So yeah, back to what I was originally saying – this movie’s pretty fun. And considering that were all stepping into what I know to be the “dog days of summer”, that means a whole heck of a lot. It means a whole heck of a lot that we’re getting a fun, action summer blockbuster, but it also means a whole heck of a lot that we’re getting it courtesy of some people we haven’t seen do stuff like this in quite some time.

I mean, well for Sly, Arnie, Statham, Crews, Couture, Lundgren, and whoever else shows up here that’s shown up in the past two, but as for the other “new breeds”, as I like to call ’em as I sees ’em, it’s great to just see actually working in something again. Even if the material that they are working with is pretty timid, run-of-the-mill stuff, it still makes my heart feel all warm and tingly knowing that, yes, Wesley Snipes may finally be in full comeback mode. Don’t worry, I won’t get my hopes up too high, cause you never know with him, but I will keep my fingers crossed because seeing him here, throwing knives, doing karate and whatnot, made me think of the good old days in which I’d sneak downstairs and watch Blade while everybody else in my house was asleep. The nightmares were terrible, but man, it was oh so worth it!

Come on, Wesley! Just pay your taxes for your gosh sakes!

But I digress, because this movie isn’t just about Wesley Snipes and his much needed return to the big screen; this is about everyone who is involved with the Expendables franchise as a whole. It doesn’t matter if they pop up just to wreck some mofo’s up like Chuck Norris infamously did in the second movie, or if they’re just around to be weird and wear other outfits, from other famous summer blockbusters, much like what Mickey Rourke did in the first movie. See, it’s the little pieces of this cast that make it all worth the while and even though the script is cheesy and at times, god-awful to listen to, it’s fun and it’s hacky for a reason, and it’s only made better because the cast totally seems in on the joke.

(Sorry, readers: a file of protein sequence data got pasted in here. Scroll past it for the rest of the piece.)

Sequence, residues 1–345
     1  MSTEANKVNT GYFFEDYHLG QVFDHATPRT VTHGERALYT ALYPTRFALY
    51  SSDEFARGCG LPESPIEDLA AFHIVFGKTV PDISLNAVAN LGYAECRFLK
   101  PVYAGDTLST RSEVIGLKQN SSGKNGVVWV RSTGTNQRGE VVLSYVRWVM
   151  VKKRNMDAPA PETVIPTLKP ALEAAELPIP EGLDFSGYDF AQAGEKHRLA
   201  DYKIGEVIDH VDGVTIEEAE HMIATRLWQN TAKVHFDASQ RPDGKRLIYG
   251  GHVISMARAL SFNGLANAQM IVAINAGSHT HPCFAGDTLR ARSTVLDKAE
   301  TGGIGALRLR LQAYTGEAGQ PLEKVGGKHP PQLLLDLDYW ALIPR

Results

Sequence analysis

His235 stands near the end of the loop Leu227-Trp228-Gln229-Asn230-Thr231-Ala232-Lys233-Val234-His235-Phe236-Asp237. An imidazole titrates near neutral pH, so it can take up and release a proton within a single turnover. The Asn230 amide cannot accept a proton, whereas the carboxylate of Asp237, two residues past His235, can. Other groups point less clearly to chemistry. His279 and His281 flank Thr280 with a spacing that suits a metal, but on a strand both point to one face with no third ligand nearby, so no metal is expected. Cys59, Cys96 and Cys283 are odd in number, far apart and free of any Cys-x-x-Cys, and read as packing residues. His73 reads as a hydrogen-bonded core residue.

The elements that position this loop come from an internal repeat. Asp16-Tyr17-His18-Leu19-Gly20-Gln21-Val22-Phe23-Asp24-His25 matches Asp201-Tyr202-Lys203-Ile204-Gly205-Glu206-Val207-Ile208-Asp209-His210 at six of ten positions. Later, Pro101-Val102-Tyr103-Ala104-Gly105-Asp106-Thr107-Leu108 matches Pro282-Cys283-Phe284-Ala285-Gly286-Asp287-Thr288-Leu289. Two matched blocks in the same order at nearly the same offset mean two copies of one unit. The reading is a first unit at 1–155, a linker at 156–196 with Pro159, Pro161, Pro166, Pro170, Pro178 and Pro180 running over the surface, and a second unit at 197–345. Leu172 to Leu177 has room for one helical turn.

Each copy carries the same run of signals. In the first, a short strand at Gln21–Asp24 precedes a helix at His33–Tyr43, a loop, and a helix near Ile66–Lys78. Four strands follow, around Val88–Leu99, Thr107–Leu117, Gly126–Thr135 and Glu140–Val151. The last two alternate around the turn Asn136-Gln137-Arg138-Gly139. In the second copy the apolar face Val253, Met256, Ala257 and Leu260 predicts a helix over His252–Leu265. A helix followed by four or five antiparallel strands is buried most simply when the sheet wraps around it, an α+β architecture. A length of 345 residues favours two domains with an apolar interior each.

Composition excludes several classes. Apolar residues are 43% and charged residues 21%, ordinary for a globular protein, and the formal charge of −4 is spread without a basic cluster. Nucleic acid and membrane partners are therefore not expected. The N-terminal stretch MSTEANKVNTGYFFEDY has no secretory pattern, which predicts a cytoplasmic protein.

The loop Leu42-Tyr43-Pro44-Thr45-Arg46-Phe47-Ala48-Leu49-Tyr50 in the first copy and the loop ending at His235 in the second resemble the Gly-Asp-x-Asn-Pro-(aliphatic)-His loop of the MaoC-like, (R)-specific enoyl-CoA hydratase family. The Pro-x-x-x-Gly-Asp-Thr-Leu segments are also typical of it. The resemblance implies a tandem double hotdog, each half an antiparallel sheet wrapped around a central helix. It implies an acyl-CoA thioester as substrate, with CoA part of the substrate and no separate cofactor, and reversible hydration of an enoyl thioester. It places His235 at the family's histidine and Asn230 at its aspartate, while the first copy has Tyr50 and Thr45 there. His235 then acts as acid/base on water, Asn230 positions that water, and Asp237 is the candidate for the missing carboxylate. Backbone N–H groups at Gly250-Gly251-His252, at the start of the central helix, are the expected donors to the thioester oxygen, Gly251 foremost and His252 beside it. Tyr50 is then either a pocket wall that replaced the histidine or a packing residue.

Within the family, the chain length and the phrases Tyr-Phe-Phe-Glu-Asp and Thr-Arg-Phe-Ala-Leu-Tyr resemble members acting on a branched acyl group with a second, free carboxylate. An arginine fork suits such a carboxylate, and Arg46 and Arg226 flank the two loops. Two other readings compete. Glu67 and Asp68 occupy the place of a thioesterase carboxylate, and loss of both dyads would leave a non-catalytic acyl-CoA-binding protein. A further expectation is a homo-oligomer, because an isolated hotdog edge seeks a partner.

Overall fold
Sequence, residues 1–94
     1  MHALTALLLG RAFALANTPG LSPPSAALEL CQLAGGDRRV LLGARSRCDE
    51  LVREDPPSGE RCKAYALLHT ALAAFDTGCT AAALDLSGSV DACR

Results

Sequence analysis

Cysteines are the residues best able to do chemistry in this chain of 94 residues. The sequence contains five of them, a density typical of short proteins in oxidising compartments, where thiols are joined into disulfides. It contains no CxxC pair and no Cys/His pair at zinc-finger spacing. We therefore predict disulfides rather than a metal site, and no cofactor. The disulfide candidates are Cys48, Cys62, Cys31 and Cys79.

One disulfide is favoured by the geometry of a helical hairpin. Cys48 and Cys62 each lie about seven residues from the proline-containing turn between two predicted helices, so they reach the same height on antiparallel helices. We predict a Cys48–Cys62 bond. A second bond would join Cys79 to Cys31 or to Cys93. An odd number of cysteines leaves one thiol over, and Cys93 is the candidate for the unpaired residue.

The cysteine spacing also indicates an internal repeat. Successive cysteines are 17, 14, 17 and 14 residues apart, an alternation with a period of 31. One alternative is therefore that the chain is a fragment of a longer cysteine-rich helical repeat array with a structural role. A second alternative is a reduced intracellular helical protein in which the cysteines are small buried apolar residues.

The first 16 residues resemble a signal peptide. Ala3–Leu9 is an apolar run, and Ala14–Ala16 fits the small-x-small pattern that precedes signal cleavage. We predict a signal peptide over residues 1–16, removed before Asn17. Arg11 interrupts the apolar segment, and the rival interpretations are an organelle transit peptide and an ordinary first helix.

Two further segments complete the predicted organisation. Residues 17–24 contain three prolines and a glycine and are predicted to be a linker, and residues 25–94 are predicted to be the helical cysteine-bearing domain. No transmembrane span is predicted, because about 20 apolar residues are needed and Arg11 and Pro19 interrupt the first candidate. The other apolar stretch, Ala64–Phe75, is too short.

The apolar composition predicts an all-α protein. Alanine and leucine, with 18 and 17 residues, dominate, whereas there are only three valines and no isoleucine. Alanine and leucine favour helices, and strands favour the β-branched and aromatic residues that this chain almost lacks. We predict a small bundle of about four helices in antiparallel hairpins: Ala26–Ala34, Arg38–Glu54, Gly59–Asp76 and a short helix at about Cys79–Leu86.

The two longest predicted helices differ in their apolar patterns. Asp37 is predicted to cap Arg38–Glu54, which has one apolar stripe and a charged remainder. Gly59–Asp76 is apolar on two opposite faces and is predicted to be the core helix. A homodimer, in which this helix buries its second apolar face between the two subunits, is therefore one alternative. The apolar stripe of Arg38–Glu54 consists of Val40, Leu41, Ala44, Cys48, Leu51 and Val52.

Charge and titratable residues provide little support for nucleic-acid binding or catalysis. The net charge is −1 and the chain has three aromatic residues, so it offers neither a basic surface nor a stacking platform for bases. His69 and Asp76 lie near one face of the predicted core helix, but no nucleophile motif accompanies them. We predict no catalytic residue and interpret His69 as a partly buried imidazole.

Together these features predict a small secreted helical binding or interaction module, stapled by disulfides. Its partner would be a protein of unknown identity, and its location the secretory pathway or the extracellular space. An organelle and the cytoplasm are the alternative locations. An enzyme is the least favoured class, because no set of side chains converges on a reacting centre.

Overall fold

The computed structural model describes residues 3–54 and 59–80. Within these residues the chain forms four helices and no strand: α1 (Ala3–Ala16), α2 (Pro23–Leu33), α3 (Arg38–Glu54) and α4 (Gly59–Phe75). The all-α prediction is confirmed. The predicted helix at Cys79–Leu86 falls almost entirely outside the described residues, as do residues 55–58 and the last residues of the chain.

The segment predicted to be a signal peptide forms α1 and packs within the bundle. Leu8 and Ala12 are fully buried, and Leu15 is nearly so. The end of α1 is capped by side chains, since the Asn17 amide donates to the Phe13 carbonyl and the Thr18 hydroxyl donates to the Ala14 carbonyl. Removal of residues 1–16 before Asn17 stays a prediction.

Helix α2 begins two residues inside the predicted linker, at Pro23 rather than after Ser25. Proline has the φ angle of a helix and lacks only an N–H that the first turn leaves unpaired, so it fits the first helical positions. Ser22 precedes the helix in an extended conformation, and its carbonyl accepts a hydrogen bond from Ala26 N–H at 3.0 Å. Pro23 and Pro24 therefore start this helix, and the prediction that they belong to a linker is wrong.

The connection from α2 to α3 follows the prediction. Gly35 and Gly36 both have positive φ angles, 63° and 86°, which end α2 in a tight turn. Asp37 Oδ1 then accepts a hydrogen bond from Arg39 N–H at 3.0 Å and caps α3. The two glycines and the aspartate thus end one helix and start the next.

I would have dedicated a whole paragraph to him, but I think we all know that wouldn't have gone over quite as well.

I could have dedicated a whole paragraph to him, but I think we all know that wouldn’t have gone over quite as well.

Sure, I could totally do without Arnie self-deprecatingly yelling at people, “GET TO THA CHOPPAA!!”, but it’s something I take with me when I’m watching something like this. Sly and the rest of the clan have finally realized that instead of taking themselves so damn seriously all of the time, that they should just lighten up, crack a few jokes at themselves and move on. There’s no need for a super-duper heavy, melodramatic story about how we all need to get along and maybe even highlight some of the problems over in the Ukraine.